4.  It is further submitted that the valuation of a particular/ underlying property may differ from the general rate prevailing in the area depending upon the location, size, advantage and disadvantage attached to the particular plot of land and therefore, there was always a scope of variation in the matter of valuation. the matter of valuation is highly subjected and the opinion of two experts vary in most of cases. Thus the addition is purely based on difference of opinion. The assessee has undisputedly disclosed the basis of valuation of fair market value adopted as on 01.04.1981 by adopting the report of Govt. Registered Valuer. Hence, it is submitted that when the value of the property is based on an opinion, therefore even when any addition is made on the basis of difference of opinion and estimate, it would not automatically lead to the conclusion that the assessee has concealed particulars of income or furnished inaccurate particulars of income.
  5. Reliance is also placed on the decision of Rajpal Chhabra vs ITO in ITA 5517/Mum/2012 wherein it was held that “we are of the considered opinion that the penalty u/s 271(1)(c) is not warranted in respect of the addition based on different fair market value as on 01.04.1981 when the assessee has substantiated its claim by the valuation report of a registered valuer.”
  6. Moreover, there is also difference of view between first and second appeal. The fact that the CIT(A) has rendered the decision in favour of the assessee which was reversed by the Tribunal also shows that the issue is debatable and there is difference of opinion. The issue is squarely covered by the decision of Salman Khan vs ACIT in I.T.A. No.2559/Mum/2013 wherein it was held that “Although the Tribunal has reversed the decision of the ld. CIT(A) on this issue, the fact that the claim of the assessee was accepted by the ld. CIT(A) on merit clearly shows that the said claim made by the assessee was based on a possible view of the matter. It also shows that the claim made by the assessee for deduction on account of legal expenses was a bonafide claim” . Furthermore it has been held in CIT vs. Eastern Medikit Ltd. by the Hon'ble Delhi High Court that no penalty is impossible when two views are possible.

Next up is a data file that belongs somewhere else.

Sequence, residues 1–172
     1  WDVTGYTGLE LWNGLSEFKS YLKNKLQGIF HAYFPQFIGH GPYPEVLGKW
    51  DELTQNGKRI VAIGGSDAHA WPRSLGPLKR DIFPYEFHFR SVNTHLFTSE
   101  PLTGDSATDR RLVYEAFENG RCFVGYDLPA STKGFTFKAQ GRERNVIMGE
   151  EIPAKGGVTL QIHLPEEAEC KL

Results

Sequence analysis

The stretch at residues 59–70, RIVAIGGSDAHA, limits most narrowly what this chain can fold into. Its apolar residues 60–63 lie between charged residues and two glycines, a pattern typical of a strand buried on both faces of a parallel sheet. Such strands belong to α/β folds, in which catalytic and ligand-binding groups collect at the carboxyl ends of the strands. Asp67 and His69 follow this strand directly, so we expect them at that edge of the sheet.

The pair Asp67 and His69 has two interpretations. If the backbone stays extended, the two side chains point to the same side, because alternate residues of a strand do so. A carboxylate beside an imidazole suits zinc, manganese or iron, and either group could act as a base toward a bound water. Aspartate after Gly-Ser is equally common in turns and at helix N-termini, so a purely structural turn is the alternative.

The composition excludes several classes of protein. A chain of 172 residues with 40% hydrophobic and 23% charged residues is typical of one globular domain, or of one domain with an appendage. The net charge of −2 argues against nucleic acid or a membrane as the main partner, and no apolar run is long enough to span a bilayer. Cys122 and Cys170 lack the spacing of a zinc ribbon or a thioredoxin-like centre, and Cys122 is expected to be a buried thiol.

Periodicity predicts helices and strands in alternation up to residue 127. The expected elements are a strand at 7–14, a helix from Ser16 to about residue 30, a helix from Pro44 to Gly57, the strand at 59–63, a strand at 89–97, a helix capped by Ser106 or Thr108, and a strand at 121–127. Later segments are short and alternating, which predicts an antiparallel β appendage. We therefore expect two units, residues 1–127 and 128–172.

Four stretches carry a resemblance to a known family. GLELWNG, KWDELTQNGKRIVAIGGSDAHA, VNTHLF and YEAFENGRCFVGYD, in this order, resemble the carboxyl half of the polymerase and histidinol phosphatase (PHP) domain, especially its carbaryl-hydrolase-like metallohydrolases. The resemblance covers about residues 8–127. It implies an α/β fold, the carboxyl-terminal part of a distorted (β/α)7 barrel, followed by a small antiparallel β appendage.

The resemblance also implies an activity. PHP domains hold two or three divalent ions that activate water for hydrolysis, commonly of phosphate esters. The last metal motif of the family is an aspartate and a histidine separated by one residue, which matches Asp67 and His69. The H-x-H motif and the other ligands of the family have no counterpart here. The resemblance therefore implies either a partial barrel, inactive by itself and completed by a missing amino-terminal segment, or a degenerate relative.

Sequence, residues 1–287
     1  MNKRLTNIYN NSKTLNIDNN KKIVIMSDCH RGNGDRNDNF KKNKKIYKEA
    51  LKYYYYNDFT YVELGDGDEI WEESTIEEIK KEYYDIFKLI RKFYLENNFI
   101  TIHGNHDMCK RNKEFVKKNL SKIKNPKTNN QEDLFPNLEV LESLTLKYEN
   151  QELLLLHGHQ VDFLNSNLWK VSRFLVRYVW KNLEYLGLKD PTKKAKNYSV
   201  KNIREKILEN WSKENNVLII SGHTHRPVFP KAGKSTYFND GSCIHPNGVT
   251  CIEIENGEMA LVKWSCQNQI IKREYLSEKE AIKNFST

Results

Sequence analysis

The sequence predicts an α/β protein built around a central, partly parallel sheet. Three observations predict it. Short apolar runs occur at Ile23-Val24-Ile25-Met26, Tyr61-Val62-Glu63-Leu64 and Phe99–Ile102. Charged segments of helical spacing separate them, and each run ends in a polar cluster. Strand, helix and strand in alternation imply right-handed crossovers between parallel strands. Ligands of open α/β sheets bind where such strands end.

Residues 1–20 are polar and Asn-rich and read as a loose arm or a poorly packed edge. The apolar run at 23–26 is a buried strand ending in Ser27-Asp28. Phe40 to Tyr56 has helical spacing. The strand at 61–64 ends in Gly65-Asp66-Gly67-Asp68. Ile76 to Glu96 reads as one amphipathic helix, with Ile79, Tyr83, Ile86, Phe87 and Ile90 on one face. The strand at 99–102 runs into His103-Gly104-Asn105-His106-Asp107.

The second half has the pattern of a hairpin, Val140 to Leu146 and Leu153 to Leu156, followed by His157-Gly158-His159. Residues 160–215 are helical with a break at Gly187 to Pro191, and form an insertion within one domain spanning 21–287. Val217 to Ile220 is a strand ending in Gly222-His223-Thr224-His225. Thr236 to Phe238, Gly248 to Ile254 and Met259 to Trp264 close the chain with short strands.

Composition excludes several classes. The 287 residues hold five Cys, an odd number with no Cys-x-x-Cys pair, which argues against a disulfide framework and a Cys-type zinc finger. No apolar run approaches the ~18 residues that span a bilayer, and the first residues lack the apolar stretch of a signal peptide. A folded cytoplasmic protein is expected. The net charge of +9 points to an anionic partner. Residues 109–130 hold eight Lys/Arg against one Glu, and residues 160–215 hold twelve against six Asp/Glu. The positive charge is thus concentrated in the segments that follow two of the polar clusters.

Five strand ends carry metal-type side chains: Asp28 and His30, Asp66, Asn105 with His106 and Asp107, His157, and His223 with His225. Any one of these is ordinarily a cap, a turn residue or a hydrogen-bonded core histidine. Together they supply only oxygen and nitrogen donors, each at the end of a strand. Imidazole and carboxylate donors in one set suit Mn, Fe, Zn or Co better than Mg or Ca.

7.  It is pertinent to note that a statutory amendment was made for provision 55A for the Act w.e.f 01.07.2012 by which the words “AO is of the opinion that the value so claimed at variance with fair market value “, have been added in statute. In the instant case the assessment year is 2004-05 which pertains to year before the date of amendment and the reference to DVO was made on 05.10.2011 which is also prior to the date of amendment i.e. 01.07.2012. Even on this issue, the decision was also rendered in favour of the assessee in the latest judgement of Gujarat High Court in case of CIT vs Gauranginiben Shodhan ( 2014) 367 ITR 238. Hence it is submitted that in any case for the purpose of levy of penalty, the explanation of the assessee should be considered as bonafide and no penalty should be levied u/s 271(1)(c)
  8. In view of the above submissions, it is prayed that penalty imposed by assessing officer may kindly be deleted.